No! I've taken a few cute red fox pictures and some arctic fox photos on previous northern trips. It wasn't until we saw this event that talk amongst the guides revealed that no one had seen or recorded this event before. The fact that global warming likely played a role was only discovered later. You know when the guides are excited about something you see that it’s important. Extensive research in Churchill shows that if warming continues at the rate it has for the past 30 years that polar bears will be gone from that region in 25 years or less.
Q: Did you know when you took your winning photo that you had ‘the one’?
When I saw it later, I knew it was a very special image. I never dreamed it would be "the one" however. I was shooting high speed and the shot before and after just don't compare. This pose was literally less than one second, a stop-in-time moment.
Q: How has it felt winning WPY and what does it and your photo mean for you?
I've been overwhelmed at the attention I've received and even more by the worldwide coverage the contest and the photo have generated. This award is the highest honour I could ever receive and affirms that my work is at the highest level.
Q: What have you seen or heard in response to this picture that really highlights the need for engaging scientific communication?
I think the impact of the image and the message it's sending should be used as a symbol for climate change and the need to act now. I would love someone (like you) to promote this image and the message to our new government. Trudeau has already stated he wants to act on climate change. This could be a symbol for the need to act. It is a powerful image and people really react to it. This is a chance to do something.
Q: Do you have any advice for the regular Joe who picks up a camera?
People take pictures. It's work to take "photographs". That's true with any endeavour. It's a fantastic hobby that can be enjoyed close to home or anywhere in the world. The limits are only what you put on it. The photos in this year's exhibit really show the talent and creativity of the photographers who are recognized. Read their stories. I learn each year when I view this display of international talent.
Q: What’s next for you?
Madagascar. I'm always planning new trips and locations. I am going with my wife and a guide to take photographs of lemurs.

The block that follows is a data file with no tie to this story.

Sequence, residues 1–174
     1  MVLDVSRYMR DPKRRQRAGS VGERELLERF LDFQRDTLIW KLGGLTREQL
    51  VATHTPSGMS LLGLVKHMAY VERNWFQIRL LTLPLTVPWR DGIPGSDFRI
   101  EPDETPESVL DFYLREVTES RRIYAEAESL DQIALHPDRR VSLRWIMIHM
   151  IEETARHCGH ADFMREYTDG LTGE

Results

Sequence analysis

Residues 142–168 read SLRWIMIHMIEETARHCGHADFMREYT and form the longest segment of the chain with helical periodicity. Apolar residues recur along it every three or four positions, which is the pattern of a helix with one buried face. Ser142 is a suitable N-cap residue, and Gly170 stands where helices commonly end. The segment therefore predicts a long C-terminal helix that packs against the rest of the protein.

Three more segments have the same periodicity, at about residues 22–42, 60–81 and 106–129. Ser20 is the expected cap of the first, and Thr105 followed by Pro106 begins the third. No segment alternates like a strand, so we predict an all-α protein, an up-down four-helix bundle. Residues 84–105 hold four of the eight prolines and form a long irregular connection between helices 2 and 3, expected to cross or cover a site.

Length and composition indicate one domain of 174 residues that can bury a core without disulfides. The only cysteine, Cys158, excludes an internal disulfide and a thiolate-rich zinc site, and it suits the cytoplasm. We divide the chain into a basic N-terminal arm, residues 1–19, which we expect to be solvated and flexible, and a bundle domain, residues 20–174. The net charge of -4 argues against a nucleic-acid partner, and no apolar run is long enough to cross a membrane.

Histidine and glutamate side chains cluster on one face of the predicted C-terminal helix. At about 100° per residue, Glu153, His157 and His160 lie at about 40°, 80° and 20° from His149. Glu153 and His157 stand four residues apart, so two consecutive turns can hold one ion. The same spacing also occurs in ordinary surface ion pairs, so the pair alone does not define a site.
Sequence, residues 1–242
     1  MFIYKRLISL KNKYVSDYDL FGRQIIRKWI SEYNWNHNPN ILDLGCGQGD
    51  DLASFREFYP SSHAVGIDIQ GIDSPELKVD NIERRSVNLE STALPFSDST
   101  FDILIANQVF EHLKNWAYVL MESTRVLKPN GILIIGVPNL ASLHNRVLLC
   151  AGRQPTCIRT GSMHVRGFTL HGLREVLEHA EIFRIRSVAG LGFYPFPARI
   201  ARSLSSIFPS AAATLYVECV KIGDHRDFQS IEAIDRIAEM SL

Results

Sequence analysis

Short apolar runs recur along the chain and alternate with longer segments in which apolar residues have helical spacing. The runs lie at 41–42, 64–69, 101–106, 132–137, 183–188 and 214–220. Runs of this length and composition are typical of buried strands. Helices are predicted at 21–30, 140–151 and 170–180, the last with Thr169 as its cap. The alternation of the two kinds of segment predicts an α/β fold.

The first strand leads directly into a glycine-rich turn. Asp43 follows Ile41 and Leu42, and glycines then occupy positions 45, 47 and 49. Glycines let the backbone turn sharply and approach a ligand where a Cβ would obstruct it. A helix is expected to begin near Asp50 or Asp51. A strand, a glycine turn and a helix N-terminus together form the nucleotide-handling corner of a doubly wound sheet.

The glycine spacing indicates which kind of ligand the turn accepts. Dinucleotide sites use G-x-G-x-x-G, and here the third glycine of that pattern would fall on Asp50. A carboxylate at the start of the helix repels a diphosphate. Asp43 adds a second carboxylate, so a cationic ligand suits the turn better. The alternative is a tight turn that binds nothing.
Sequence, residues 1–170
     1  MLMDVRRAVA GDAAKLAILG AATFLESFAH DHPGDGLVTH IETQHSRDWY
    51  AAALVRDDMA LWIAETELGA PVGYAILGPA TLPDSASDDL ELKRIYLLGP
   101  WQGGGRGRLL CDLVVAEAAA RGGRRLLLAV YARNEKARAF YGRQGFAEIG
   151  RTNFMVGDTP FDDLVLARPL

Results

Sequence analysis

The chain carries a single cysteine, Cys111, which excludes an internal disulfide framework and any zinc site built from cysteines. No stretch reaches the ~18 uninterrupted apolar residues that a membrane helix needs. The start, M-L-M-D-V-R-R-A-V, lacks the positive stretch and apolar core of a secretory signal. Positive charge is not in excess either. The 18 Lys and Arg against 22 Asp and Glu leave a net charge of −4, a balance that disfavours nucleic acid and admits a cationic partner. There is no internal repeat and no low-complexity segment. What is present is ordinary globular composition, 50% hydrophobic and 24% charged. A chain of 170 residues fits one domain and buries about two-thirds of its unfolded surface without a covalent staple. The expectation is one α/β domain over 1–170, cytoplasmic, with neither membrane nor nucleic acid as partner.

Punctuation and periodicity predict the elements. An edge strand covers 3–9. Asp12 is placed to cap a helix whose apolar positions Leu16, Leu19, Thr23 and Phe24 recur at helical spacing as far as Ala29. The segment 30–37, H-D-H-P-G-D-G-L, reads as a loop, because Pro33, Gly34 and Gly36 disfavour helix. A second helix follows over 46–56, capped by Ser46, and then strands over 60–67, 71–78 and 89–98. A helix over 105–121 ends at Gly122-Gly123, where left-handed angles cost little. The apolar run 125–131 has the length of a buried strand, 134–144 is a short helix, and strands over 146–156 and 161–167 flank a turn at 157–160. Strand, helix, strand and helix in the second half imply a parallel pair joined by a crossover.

Q: Is there anything else you would like to say to ROM readers?
Enjoy this exhibit. It's wonderful. And speak up for wildlife when you can.
The effects of climate change in Northern Canada aren’t limited to the decline of one species or to the loss of ice. The web of intricate relationships that make up the Arctic ecosystem - from animals to plants to ice – is being threatened. It’s like a weaving trail of dominos; if you knock over just one domino, or remove a single species, it can create a reaction that ripples through an entire ecosystem.
That’s why Don’s photograph is so important. With its haunting beauty, it reminds us that we need to pay attention to the tiny ripples already spreading out around us, so that research and funding can be directed where they are needed most. It also shows how powerful wildlife photography and citizen science can be in adding to the body of science knowledge.
Don originally set out to photograph polar bears on his trip to Cape Churchill, Manitoba, but instead he achieved something all photographers strive for. He captured a story. He captured the tale of two foxes.
Don’s winning photograph, “The Tale of Two Foxes”, can be seen at the 2015 Wildlife Photographer of the Year (WPY) exhibit at the Royal Ontario Museum. Come check it out, along with 99 other new, amazing photographs that are shining a light on our natural world.